Crying and Looking Back: Somewhere in the Desert Southwest

Aug 15th, 2001 | By | Category: Student 2001
By Liz Hopkins

The hogan began to leak
Wind cascaded through the empty chinks
And now there was no one to chop wood
To carry water
Or to offer human words
Now there was only the silence.
They had moved away
To find jobs.
She could not leave her home
It was all she knew
All she was going to know
Her umbilical cord
Was hidden in the rafters
How could she go?
It was a daily reminder
Of where her heart lay.
It was dusk when she fell
Falling heavy
Dropping the armload of wood
Wood that she had labored
To chop all afternoon
Her white Ked lay on its side
Glowing eerie white
In the moonlight
A beluga whale trapped
In red sand.
The moon rose high now
And her frail breath
Now and again
Chuffed in and out
Now and again
The Northern wind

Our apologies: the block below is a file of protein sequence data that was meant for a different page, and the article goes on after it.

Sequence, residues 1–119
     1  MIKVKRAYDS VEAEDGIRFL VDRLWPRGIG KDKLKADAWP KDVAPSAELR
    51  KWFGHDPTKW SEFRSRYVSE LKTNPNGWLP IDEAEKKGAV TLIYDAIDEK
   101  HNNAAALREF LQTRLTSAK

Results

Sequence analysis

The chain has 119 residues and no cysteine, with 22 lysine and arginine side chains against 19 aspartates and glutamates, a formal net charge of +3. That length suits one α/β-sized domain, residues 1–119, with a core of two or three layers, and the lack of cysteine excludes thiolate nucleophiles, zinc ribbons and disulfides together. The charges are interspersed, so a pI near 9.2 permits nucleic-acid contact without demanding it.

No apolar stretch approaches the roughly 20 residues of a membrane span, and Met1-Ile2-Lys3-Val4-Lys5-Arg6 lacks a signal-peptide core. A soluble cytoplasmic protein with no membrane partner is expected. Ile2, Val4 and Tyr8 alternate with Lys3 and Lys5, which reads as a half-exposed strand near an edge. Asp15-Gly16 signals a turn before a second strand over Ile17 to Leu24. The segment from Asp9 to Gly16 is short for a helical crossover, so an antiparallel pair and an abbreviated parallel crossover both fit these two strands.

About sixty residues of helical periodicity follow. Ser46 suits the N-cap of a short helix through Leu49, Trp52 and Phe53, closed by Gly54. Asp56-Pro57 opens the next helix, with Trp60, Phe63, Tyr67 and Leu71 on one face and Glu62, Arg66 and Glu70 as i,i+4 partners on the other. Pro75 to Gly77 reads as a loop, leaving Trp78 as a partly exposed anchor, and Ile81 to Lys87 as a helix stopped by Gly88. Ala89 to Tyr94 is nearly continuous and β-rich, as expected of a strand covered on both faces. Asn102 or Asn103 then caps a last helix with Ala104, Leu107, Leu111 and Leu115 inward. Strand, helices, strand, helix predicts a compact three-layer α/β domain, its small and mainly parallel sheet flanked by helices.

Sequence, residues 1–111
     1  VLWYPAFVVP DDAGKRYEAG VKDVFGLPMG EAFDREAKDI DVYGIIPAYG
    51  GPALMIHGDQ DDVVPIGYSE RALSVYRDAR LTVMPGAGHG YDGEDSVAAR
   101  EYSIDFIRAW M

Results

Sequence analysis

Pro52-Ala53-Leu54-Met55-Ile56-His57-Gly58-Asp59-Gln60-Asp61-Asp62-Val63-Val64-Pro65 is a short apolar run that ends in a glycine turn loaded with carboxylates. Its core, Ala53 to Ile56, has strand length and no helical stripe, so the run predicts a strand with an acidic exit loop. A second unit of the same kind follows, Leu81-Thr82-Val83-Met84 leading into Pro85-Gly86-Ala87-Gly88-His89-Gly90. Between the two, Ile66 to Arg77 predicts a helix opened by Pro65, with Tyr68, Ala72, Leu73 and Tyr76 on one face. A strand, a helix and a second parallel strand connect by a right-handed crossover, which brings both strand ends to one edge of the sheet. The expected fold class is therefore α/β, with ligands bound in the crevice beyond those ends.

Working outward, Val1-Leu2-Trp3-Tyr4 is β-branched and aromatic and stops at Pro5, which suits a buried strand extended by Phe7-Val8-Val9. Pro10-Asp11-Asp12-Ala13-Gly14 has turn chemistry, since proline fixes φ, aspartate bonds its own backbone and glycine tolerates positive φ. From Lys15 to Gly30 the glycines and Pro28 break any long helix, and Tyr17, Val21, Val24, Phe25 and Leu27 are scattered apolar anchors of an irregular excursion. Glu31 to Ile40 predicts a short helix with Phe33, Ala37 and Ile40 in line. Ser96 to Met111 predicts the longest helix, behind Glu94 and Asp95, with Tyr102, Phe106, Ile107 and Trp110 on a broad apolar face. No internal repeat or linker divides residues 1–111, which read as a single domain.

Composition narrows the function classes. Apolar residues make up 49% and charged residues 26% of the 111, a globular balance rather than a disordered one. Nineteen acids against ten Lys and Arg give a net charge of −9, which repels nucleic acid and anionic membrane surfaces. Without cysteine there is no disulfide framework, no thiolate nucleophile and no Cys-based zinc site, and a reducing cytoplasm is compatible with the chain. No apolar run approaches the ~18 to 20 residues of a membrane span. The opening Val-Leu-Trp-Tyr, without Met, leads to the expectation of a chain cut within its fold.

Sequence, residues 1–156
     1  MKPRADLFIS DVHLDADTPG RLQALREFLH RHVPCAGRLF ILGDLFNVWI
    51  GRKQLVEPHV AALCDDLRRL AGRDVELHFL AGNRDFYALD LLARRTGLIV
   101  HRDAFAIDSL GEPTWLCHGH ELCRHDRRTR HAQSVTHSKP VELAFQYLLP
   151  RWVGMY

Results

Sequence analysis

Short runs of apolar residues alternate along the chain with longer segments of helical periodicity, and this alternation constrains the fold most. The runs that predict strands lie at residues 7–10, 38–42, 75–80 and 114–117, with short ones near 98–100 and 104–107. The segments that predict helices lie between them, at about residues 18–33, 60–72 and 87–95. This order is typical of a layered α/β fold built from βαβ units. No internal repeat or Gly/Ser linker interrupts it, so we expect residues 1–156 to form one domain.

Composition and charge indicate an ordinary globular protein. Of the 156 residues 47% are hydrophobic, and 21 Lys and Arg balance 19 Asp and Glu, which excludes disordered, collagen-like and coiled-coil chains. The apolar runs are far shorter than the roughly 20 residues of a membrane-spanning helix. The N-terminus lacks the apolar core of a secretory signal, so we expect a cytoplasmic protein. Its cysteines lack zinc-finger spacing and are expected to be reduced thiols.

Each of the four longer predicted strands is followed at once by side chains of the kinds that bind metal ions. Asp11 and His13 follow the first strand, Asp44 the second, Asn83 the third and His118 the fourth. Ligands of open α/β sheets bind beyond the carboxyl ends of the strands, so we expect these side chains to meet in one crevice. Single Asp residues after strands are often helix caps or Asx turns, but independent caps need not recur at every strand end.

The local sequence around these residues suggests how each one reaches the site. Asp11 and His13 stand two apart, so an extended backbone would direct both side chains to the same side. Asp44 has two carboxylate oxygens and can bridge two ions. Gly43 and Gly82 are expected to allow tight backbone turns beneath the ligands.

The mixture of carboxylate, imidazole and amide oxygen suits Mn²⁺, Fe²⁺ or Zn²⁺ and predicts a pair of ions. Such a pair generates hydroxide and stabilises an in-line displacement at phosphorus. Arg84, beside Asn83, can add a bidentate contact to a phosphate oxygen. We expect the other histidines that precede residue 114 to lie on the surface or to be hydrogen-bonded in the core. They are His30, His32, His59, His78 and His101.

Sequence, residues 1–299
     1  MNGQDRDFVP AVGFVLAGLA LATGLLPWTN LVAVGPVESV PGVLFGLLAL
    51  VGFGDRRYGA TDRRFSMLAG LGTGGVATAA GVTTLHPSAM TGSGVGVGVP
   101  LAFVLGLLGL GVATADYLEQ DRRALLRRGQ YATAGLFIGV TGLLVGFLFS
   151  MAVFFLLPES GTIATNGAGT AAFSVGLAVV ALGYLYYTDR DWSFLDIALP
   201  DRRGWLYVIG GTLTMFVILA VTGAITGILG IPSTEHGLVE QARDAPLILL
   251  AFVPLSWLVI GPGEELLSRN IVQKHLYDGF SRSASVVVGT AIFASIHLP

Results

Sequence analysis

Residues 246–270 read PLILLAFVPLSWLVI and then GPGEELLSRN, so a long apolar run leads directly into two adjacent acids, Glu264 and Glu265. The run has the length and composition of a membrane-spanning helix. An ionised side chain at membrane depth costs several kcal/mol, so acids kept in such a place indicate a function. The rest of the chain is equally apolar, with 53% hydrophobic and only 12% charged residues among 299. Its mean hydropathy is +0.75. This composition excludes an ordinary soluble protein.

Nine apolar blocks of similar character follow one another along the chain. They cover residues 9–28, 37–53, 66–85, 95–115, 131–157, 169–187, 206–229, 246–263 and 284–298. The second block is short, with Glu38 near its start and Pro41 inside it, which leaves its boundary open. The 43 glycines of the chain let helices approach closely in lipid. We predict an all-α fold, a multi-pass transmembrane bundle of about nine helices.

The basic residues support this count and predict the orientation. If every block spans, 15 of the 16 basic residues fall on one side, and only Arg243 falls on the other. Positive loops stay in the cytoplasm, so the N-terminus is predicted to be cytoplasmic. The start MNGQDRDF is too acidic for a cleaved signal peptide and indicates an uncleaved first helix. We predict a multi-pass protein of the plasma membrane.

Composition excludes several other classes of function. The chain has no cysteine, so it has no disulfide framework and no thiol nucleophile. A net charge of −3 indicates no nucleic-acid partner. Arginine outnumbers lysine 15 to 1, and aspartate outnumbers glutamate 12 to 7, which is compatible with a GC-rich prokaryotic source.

Blew into her mouth
She tasted the bitterness

She dreamed she was
Once again a little girl
Riding her horse
Across her land.

Liz Hopkins (Rosebud Lakota) is a 34-year old senior in Cultural Resource Management at Sinte Gleska University. A single parent, she enjoys writing stories in the form of poetry and volunteering to work with the elderly. After earning a master’s degree, she and fellow students dream of starting a local consulting firm in cultural resource management. She offers the following advice to tribal college students, “It’s great to dream, but it’s even better to believe in yourself.”

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